Little Water Sept

Little Water Caern

Purpose of the Caern is to make money for the tribe. Also a theme of glory. They are kingmakers and spreaders of legends. They help keep up the veil for mortals and spread glory for garou.

The Sept

Originally established in 1912, this camp reached its dominance during the period from 1975 – 1998. Founded on theories of system engineering, the camp divided areas into “turfs” that packs / people were given responsibility over. When something moved into another “turf,” the appropriate packs were notified. They furthered this concept by moving their eyes to influences – and influence wars with vampires. Unfortunately, subtle tactics are not meant for those with rage, and the Random Interrupts offered the tribe a vision more appealing and immediate. Their strongest Caern is in Seattle, home of the World Trade Federation.







Pop 8

Honorary members

Pack 2

Pack 1

Of all the werewolves this Caern is the most likely to know of any activity of the technocracy.

Not many werewolves. Extensive can Folk

Members of the corporate wolves camp. They specialize in the entertainment industry of Seattle. Including film and television production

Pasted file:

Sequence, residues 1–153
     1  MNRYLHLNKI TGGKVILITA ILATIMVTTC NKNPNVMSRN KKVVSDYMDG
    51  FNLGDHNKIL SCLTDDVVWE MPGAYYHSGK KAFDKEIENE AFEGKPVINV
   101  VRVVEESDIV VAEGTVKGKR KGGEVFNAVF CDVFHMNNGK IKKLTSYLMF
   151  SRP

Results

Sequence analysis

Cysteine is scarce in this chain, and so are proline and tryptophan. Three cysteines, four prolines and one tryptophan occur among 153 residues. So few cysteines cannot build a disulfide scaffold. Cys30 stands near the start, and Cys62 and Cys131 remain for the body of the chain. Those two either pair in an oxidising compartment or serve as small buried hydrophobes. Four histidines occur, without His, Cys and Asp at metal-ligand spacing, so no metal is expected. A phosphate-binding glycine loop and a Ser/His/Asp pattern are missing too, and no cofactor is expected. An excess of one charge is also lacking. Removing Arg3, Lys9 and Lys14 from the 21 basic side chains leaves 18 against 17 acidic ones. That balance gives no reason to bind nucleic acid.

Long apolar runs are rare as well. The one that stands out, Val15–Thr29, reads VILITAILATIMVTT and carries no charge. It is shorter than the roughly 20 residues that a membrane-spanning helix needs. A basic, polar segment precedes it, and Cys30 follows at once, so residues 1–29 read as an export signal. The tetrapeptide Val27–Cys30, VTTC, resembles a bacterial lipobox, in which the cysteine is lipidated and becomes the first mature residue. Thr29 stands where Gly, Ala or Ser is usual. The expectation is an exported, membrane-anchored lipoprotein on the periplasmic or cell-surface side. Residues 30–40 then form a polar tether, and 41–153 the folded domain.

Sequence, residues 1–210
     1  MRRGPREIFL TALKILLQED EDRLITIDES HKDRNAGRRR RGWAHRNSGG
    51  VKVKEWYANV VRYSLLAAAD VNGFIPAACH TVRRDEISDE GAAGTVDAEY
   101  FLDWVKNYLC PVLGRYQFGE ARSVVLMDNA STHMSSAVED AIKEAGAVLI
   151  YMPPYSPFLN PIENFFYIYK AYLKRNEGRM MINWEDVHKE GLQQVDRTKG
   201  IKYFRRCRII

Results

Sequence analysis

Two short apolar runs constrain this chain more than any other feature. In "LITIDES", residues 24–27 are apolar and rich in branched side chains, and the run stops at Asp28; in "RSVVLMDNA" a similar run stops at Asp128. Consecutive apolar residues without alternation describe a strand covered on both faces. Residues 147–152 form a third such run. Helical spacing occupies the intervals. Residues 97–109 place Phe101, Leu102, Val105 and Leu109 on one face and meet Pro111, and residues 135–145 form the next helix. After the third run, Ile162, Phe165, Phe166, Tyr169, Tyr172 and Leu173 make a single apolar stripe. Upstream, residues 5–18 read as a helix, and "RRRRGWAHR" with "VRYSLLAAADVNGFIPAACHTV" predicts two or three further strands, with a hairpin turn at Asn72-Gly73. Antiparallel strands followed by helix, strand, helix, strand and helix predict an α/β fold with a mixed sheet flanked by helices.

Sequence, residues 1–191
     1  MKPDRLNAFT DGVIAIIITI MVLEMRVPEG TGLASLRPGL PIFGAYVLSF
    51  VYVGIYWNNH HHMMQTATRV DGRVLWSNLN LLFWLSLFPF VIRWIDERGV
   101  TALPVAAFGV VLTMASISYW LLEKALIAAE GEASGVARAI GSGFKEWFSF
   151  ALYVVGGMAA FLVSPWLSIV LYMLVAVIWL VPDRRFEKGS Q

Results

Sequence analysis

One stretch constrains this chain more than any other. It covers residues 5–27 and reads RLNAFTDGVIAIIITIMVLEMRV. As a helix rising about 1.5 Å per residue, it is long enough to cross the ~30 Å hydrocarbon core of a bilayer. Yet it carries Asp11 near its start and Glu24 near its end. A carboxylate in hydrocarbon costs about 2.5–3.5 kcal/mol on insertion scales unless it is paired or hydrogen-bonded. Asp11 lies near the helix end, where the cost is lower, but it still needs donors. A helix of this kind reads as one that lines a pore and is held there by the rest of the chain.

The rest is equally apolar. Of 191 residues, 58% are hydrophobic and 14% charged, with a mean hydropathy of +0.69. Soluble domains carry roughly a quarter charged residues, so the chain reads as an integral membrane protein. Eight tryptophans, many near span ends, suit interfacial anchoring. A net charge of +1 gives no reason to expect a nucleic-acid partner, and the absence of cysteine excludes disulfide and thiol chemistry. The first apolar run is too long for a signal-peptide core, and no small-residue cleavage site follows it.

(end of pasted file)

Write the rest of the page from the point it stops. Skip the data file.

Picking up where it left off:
Sub pop records?

For years, Seattle film industry insiders have said they need two things to have a fighting chance against thriving movie production centers like Portland and Vancouver, British Columbia: a decent tax incentive and a major indoor film studio.

Now, in a stroke of auspicious timing, the local sector is getting both.

On March 10, the Washington Legislature passed a bill that increases funding for Washington’s Motion Picture Competitiveness Program, from the current $3.5 million a year cap up to $15 million in funding assistance for production companies. Some of that funding will be set aside to train the next generation of movie crews and make the sector more accessible to people from underrepresented communities. (The bill now awaits the governor’s signature.) Update: On March 31, the governor signed the bill, which is slated to take effect in June.

In addition, after a trial run last year, Harbor Island Studios — a sprawling warehouse that King County revamped into a professional film and TV studio and future soundstage — is gearing up for its grand opening this spring. Both are hailed as game changers for local film and TV production. 

“It's a new chapter in Washington film history,” says Amy Lillard of Washington Filmworks, which operates the Motion Picture Competitive Program and has been advocating for an expanded incentive for more than a decade. “We are once again competitive…. We now have the tools in our toolbox, whether it be the incentive, or the workforce development, or the soundstage, to really draw work here.” 

Rhyme cartel records

Unless otherwise stated, the content of this page is licensed under Creative Commons Attribution-ShareAlike 3.0 License